With Earth Overshoot Day – 1 August for 2018 – behind us already, we have already used up the total annual amount of natural resources the planet can generate.
Earth Overshoot Day is calculated by dividing the amount of natural resources generated by Earth that year by humanity’s consumption of Earth’s natural resources for that year, and multiplying it by 365.
The first Earth Overshoot Day calculation was made in 1987 and it was found that by December 19, we had consumed more natural resources than was available for the whole year. A twelve-day shortfall.
Roll forward 31 years and Earth Overshoot Day has raced forward to the start of August – a shortfall of 152 days.
Richard Denniss, economist and writer of Curing Affluenza, Christine Milne, former leader of Australian Greens, and Miriam Lancewood, writer of Woman in the Wilderness, gathered to share their perspectives on how and why we must reduce our consumerism.
Firstly, in the last 30 years, Australians have bought into two lies. The first is we are worse off today than we have been in the previous 50 years.
Denniss argued: ‘Australia is one of the richest countries in the world, and we live in the richest point in world history’, and our gross domestic production (GDP) is comparable to Russia’s.
Our population, 25 million, is even more remarkable as Russia’s population is five times larger than ours.
The second, and logic defying, lie is that wealth can be generated by buying things we do not need, and do not use.
People who lived in the post-war years had learned to buy use only what they needed, not wanted.
As children, Milne said, ‘we only had three sets of clothes, we had the yard clothes, the church clothes, and our school uniform.’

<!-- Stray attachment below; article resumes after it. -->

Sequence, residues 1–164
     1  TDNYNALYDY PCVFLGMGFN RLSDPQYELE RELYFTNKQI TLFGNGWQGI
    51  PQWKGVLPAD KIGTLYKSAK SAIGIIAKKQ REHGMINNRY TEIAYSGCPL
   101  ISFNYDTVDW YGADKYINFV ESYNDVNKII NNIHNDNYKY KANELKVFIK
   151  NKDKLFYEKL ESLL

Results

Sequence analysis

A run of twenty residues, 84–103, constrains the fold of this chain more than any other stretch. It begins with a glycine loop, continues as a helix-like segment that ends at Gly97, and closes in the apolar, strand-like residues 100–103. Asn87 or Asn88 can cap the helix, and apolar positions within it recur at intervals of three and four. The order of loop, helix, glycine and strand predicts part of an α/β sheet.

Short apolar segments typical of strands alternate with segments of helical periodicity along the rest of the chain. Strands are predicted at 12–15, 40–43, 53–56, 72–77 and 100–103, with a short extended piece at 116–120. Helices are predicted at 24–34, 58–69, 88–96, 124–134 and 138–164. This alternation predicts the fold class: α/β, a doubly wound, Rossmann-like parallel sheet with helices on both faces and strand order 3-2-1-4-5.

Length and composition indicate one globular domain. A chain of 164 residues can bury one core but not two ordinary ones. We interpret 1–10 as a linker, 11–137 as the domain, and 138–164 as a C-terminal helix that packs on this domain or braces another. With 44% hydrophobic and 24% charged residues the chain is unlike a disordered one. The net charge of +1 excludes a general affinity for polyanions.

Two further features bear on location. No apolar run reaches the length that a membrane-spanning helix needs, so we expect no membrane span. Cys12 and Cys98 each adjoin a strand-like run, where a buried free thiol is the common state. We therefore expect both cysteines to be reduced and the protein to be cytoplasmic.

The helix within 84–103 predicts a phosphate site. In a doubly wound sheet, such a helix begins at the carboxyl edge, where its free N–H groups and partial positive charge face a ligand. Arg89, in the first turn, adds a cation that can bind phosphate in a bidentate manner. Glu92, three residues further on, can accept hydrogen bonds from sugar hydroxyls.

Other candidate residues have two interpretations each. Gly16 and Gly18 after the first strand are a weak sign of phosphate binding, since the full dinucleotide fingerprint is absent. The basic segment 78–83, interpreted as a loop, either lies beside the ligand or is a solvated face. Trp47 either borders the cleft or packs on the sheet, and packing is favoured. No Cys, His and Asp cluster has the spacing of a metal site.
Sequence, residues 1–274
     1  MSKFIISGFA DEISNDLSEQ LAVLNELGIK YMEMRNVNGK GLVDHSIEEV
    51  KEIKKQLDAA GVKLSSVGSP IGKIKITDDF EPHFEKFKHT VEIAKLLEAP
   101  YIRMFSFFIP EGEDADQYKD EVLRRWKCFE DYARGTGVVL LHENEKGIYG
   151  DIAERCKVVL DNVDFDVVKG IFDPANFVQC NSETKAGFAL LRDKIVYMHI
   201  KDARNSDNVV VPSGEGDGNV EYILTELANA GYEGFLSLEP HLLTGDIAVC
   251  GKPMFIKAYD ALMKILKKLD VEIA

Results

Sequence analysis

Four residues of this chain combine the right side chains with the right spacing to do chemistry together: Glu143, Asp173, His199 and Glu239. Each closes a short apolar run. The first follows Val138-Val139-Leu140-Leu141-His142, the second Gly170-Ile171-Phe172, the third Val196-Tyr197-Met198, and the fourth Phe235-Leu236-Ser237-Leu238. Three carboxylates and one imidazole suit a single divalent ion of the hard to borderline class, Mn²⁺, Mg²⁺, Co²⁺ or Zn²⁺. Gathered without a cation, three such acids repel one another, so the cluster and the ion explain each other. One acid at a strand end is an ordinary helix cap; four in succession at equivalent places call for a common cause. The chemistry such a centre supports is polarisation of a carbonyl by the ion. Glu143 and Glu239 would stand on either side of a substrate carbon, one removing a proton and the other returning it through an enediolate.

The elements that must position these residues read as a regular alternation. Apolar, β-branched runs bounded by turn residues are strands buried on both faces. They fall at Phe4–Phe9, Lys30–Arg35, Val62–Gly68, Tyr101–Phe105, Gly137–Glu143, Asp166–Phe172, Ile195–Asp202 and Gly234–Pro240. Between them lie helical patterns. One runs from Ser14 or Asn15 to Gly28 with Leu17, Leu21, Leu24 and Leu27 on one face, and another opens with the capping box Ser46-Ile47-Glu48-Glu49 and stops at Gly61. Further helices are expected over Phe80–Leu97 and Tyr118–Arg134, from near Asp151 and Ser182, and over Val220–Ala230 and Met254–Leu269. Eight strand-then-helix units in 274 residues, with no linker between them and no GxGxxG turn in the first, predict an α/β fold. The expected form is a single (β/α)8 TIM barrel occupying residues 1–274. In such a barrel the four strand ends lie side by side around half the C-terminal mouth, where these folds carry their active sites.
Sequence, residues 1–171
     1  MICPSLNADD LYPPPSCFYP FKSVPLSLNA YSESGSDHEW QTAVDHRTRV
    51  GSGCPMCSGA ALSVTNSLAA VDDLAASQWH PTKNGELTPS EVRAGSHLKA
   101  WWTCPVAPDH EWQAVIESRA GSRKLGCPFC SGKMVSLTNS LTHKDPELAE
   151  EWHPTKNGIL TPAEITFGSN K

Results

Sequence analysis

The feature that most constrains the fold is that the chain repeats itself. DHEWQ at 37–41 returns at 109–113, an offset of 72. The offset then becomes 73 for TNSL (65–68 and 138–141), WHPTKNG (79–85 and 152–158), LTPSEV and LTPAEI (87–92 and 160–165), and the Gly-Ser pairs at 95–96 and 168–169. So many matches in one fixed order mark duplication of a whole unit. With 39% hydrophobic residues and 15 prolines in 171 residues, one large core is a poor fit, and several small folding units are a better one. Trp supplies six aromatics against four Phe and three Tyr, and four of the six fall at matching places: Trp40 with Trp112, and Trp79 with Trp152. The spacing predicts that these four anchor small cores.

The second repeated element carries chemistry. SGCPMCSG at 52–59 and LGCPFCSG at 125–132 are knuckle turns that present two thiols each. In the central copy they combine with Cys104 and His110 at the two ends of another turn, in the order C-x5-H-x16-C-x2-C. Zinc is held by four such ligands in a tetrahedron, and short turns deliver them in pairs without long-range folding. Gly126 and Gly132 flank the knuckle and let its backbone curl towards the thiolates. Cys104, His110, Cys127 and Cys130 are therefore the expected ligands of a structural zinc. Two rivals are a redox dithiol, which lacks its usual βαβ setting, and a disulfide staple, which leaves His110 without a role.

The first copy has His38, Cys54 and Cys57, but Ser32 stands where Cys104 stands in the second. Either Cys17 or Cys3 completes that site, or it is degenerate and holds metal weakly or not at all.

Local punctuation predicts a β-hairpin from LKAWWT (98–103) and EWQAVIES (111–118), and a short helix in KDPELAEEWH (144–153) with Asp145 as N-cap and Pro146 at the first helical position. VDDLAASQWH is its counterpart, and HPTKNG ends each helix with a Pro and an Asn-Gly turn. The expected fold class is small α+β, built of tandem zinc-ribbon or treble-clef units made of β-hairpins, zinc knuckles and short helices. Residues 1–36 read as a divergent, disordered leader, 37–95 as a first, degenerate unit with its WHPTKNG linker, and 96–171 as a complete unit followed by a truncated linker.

Today, we all have spaces filled with items we do not use and throw out things that still work.
Consumerism, this love of buying, is clogging our world with things we do not want or use, and which we waste.
Instead we need to learn materialism, and ‘love our stuff, again’, Denniss said.
He suggested it would be far better for the economy if we spent money on services, which has a higher flow on effect, instead spending money of things.
Lancewood’s experience of living in the New Zealand wildness taught her how few things we actually need to live.
After resigning their jobs, she and her husband sold everything they had, keeping only what would fit into two backpacks.
Lancewood had a simple rule for choosing clothes to keep: ‘When it’s cold, I put everything on.’ What did not get put on was not kept.
For other items she wore sandals, and socks for winter, a billy, a pan for cooking, matches, a tent, a sleeping bag, a mat, toothbrushes, and a compass.
‘What else would you need?’ she asked.
Amazingly, when they headed off into the New Zealand wilderness, it was with supplies to last the winter. They stayed for seven years.
Meanwhile, Australia has not been as proactive as many European Union countries in reducing waste.
Milne said many EU countries have decided not to open any more landfills or high-temperature incinerators.
‘Anyone selling anything with packaging now has to take back that packaging,’ she said. This extends to tyres, batteries and even pharmacies must take back unused medications.
Denniss reminded everyone that ‘the only thing stopping us from implementing any policies we want, is our insecurities and feeling of lack of power.’
‘Democracy thrives on high expectations, but we’ve been trained to have low expectations.’
Once we rode on the sheep’s back, today we produce very little. Our economy has already gone through massive changes.
Our economy is going to change again and what we do today is simply ‘haggling over the shape and pace of the change,’ to come, Denniss reminded us.
Jeffery Clark is a Southern Cross University Digital Media and Communications Student.